The Sydney CBD office market is considered Australia’s most liquid and mature office market. It accommodates headquarters of financial institutions, professional services, and increasingly information technology.
Over the last cycle, the market experienced the withdrawal of state government departments to Parramatta. The ownership profile is dominated by institutional capital – Australian/overseas REITs, private institutional capital, and sovereign wealth funds. In recent times, the infrastructure developments including the completion of Sydney Light Rail and the construction of four new Metro stations (due 2024 and 2030) will continue to enhance Sydney CBD’s connectivity.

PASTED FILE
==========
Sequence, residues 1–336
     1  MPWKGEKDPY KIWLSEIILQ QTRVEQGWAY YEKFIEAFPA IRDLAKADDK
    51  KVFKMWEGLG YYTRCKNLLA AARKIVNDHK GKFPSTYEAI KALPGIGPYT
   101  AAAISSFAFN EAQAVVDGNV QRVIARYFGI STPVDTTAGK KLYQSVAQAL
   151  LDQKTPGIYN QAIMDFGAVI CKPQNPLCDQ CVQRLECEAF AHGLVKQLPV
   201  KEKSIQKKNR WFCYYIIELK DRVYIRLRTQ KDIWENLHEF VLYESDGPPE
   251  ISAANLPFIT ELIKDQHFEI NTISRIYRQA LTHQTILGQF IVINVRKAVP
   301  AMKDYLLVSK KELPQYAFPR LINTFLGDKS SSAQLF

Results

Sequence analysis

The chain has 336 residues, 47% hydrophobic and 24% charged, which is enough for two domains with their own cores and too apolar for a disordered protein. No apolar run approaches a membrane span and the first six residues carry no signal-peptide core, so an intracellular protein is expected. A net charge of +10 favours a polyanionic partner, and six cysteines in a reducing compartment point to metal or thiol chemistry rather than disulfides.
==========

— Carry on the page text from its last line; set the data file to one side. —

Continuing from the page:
The key issue for Sydney CBD is how the improving physical occupancy (Sydney PCA Occupancy Rate Mar-22: 41%) will impact upon Sydney CBD occupier/capital markets.
Sydney CBD Office Indicators
|Indicator||Jan 2020||Jul 2020||Jan 2021||July 2021||Jan 2022|
|Total Stock (m²)||4,985,833||4,877,938||5,082,117||5,149,548||5,162,626|
|Vacancy Rate (%)||3.9||5.6||8.6||9.2||9.3|
|Annual Net Absorption (m²)||-46,252||-98,290||-110,346||-26,372||33,111|
|Net Supply (m²)||-32,057||-75,838||204,179||67,431||13,078|
|Av. A Grade Gross Face Rent||$1,100||$1,100||$1,100||$1,100||$1,100|
|Average A Grade Incentive||18.5%||27.5%||32.5%||35%||35%|
|Average A Grade Initial Yield||4.875%||4.875%||4.875%||4.875%||4.875%|
Source: Property Council of Australia (PCA) & Acumentis Research